During the 1960s, trombonist Bill Watrous paid his dues blowing in the big bands of Kai Winding, Quincy Jones, Johnny Richards, Woody Herman and others, and later leading his Manhattan Wildlife Refuge in New York before resettling in Southern California in 1976.
On Space Available (Double-Time Records), Watrous’ first big band album as leader since 1973, he uses top West Coast players, most of whom have been with him since 1978. Recorded like a live album, the studio session was completed in two days without rehearsal.
“It’s a very un-West Coast-sounding band,” says Watrous. “It sounds like a New York band,” something close to Thad Jones/Mel Lewis. A graduate of that ensemble, Bill admired its small-group concept and its use of charts as framework for great soloists. Watrous claims his 17-member band is moving in that direction.
“The real name of the game is a great melody and something that absolutely burns,” he says. “Every chart on this album has a hook, a unique thread running through it that makes it identifiable melodically.”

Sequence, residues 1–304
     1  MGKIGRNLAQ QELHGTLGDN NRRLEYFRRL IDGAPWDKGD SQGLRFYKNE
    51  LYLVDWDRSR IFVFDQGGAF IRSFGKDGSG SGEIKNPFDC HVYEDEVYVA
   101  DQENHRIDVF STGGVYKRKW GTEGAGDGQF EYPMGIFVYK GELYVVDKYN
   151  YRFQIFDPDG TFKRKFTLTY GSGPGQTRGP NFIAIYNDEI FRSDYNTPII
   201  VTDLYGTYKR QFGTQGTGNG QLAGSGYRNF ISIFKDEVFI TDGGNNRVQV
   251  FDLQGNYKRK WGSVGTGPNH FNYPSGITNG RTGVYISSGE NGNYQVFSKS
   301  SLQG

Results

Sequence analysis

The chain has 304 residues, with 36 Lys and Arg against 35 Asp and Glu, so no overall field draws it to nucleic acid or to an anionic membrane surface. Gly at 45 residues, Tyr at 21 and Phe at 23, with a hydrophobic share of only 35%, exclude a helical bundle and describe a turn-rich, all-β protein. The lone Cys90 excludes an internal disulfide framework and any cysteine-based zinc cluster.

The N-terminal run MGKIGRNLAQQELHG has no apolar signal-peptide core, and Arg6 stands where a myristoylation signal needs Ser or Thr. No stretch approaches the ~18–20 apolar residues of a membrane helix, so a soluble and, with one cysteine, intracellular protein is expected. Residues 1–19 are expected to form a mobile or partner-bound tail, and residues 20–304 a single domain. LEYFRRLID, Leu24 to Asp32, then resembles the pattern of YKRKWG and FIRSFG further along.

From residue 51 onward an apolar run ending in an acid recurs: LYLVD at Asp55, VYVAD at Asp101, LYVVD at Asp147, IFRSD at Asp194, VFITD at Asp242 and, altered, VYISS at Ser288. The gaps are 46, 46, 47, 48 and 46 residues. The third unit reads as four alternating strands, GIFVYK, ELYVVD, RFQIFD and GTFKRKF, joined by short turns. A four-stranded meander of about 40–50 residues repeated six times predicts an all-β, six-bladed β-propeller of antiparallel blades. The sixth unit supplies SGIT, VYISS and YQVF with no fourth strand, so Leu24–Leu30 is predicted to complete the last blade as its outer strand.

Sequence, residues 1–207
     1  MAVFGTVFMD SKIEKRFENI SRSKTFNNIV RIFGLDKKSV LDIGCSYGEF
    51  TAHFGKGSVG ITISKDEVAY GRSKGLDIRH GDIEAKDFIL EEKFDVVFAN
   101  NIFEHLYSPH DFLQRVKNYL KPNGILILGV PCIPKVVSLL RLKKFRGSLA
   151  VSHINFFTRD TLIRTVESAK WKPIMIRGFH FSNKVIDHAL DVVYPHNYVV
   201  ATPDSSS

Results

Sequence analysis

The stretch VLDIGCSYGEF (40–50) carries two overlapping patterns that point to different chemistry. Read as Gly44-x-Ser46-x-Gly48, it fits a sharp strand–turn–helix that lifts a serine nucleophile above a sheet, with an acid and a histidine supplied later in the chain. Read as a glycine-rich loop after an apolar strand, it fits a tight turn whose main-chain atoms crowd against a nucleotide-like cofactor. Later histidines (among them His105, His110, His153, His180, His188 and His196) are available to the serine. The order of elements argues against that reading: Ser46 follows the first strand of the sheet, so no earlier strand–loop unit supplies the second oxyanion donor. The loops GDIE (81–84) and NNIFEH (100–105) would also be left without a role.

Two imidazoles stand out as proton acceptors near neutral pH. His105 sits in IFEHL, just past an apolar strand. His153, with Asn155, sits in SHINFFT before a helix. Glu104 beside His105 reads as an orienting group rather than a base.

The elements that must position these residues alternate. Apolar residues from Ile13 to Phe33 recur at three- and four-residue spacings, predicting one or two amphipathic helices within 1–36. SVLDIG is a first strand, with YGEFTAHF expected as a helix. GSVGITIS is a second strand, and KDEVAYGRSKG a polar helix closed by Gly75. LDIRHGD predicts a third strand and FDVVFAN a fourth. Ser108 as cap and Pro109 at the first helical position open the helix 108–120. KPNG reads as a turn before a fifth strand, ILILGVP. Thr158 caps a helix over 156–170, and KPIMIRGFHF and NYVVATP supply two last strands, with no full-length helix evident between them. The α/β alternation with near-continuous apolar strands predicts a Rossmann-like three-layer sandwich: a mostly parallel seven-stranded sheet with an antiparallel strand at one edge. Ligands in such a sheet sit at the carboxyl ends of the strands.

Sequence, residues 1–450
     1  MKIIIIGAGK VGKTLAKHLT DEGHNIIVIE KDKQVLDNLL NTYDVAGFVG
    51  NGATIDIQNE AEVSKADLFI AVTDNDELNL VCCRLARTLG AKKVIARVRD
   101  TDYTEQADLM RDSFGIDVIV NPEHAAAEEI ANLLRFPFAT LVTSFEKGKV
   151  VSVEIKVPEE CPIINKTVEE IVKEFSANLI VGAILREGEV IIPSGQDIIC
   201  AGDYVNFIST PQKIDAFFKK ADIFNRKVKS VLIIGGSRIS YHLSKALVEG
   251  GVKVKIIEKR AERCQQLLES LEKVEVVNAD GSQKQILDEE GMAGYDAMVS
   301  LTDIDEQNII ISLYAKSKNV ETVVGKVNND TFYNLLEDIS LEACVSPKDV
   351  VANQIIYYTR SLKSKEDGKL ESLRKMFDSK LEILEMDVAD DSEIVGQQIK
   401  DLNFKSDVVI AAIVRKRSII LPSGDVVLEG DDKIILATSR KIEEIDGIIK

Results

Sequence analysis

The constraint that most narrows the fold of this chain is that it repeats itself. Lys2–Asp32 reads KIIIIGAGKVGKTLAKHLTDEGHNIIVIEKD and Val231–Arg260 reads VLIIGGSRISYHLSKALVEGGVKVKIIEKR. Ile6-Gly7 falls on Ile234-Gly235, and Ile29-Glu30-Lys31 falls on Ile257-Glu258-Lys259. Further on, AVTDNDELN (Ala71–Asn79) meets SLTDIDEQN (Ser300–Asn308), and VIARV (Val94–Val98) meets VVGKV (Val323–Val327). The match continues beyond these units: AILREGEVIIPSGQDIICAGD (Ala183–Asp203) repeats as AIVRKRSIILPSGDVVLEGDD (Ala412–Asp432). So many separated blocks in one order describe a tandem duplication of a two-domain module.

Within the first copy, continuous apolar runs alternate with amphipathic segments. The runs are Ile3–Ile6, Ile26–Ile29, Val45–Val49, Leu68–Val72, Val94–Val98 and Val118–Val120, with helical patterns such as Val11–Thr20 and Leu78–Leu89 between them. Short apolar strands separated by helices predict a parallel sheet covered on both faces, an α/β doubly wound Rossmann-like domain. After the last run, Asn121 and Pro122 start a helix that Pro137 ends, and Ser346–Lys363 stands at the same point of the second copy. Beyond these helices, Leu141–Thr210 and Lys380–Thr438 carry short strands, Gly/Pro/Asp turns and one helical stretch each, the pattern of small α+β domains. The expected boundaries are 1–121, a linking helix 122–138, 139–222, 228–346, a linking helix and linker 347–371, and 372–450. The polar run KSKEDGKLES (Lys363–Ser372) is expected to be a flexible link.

Hard-swinging, winning arrangements by Tom Kubis, Gordon Goodwin, Frank Perowsky, and Ken Kaplan allow generous space for Watrous and featured soloists—trumpeters Steve Huffsteter, Bill Liston and Bob Summers, and saxophonists Gene Burkurt and Sal Lozano. Pianist Shelly Berg, bassist Trey Henry and drummer Randy Drake comprise the sterling rhythm section (and Watrous’ working quartet).
Watrous gives lots of credit to his players, arrangers, and wife-manager, Mary Ann. “I’m basically nothing but a tunesmith,” says the 58-year-old musician. “I’ve always tried to mine whatever good things it’s possible to mine out of a good tune. I love a great melody, a great line, something that unfolds with dignity and grace. I’m not out to try to amaze anybody with mathematical complexity.”